There are a number of natural product extracts that contain pharmaceutically active ingredients or APIs. These APIs are extracted alongside a host of other compounds such as terpenes, fatty acids, sterols and waxes that naturally occur within the plant. A very topical example are the family of cannabinoids found in hemp extract. Isolating these cannabinoids is a multi-step, energy and solvent intensive process.
Recent work at the Green Chemistry Centre of Excellence, University of York, has shown that mesoporous materials made from naturally derived alginic acid, known as Starbons, work incredibly well at isolating cannabinoids in a single step. Here the Starbon is used in solid phase extraction (SPE) to purify a host of cannabinoids by solvent selection (Figure 1).
Starbons are able to act in highly selective SPE for two reasons, the first being that their mesopores are large enough (2-50 nm) for complex compounds to enter and leave. The second is the temperature at which they are pyrolysed allows tuning of surface chemistry from hydrophilic to hydrophobic. By screen Starbons produced at 300, 450 and 800 °C, adsorption and desorption solvents (hexane and ethanol respectively) and contact time (30 seconds), we were able to isolate 93% of cannabinoids (by GC-FID) from the extract in a single step (Figure 2). The process was also validated using in line extraction and isolation in supercritical carbon dioxide, where the feedstock was hemp dust. This was especially interesting as the cannabinoid content in this industrial by-product is significantly lower than in hemp top flowers.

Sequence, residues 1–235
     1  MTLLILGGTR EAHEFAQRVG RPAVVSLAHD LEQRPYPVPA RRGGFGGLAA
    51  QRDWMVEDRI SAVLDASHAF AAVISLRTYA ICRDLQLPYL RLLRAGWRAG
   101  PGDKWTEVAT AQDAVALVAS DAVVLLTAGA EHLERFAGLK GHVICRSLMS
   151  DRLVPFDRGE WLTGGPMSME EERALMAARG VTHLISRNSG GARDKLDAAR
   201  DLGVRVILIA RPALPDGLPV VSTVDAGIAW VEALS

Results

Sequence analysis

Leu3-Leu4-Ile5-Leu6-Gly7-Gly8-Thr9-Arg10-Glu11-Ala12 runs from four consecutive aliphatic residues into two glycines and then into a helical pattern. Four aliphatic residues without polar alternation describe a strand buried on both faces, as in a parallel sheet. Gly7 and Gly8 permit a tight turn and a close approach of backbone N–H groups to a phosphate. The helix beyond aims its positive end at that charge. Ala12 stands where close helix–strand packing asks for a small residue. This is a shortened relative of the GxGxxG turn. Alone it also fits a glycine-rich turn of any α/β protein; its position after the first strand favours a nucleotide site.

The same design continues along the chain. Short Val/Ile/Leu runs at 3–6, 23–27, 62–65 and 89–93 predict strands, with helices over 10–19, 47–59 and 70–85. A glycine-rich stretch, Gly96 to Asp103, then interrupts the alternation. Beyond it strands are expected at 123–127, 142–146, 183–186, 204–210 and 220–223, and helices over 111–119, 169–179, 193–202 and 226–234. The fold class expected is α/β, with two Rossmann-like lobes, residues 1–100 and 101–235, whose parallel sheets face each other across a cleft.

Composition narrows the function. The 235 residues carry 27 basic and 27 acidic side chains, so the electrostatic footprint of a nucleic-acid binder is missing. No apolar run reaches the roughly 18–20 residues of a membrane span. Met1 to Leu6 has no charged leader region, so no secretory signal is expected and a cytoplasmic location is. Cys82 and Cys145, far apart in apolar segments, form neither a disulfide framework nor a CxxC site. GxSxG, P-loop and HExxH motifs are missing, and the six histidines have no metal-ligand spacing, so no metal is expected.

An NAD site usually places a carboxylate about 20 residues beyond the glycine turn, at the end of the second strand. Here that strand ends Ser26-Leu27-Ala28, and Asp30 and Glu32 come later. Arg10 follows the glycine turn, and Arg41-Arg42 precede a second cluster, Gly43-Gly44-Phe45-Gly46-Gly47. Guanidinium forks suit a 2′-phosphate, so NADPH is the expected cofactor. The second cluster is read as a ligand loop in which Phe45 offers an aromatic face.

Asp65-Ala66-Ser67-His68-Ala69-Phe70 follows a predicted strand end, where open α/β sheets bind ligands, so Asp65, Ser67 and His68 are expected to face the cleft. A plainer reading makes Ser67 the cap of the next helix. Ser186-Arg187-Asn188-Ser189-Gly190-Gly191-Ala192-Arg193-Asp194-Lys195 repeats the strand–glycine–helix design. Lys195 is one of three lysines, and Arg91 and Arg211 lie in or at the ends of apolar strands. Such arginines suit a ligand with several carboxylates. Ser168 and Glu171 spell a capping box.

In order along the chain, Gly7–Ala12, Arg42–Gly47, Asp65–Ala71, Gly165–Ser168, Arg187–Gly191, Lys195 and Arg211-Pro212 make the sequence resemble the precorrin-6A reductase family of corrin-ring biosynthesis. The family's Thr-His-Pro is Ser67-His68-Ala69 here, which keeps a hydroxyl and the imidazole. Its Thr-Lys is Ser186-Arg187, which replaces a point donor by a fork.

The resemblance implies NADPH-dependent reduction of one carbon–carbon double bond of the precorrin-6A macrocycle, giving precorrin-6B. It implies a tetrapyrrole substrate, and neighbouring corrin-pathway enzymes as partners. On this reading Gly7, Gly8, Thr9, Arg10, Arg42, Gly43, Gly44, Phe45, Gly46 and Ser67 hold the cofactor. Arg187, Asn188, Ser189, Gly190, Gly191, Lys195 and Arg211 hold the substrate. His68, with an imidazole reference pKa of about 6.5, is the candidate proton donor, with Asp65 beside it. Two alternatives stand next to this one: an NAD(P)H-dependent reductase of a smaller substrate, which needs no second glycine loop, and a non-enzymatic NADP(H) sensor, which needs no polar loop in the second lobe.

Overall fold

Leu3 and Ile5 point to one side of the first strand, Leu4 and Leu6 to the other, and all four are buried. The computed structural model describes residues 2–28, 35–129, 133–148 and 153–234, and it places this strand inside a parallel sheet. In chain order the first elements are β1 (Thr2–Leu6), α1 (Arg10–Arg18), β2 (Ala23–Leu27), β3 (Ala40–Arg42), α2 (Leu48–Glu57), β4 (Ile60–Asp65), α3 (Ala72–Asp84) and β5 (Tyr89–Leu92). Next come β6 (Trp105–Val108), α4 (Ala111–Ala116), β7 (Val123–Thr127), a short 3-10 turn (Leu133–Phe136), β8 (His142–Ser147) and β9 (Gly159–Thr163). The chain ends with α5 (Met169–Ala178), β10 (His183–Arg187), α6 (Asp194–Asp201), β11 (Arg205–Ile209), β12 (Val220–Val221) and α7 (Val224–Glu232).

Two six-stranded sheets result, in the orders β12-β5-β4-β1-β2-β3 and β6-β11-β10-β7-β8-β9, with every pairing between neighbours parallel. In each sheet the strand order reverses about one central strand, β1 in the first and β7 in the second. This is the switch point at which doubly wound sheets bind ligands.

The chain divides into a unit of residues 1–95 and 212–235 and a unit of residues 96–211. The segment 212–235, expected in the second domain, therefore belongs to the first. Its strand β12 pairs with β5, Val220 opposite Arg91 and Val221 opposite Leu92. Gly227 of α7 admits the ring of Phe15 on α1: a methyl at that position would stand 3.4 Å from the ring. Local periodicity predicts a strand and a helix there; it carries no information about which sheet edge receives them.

Dr Con Robert McElroy (Rob) is a senior researcher at the Green Chemistry Centre of Excellence, Department of Chemistry, University of York. Rob gained his Ph.D in 2007 at Keele University working on the production of composite materials from copolymers incorporating renewable resources. He was a postdoc working on carbonate chemistry for two years at Ca Foscari University of Venice and joined the Green Chemistry Centre of Excellence, University of York as a PDRA in 2011. His current role is as Deputy Director of the Circa Renewable Carbon Institute which focuses on reactions and/or applications of levoglucosenone and the bio-derived solvent Cyrene (developed at the University of York and which he is a co-inventor of). He has published 3 book chapters, 39 papers, 4 reviews and 3 patents and has a H index of 20.
In 2019 he became chief technical officer of Starbons Ltd in which time it has become revenue generating, award winning and has won funding/made sales in relation to projects he managed.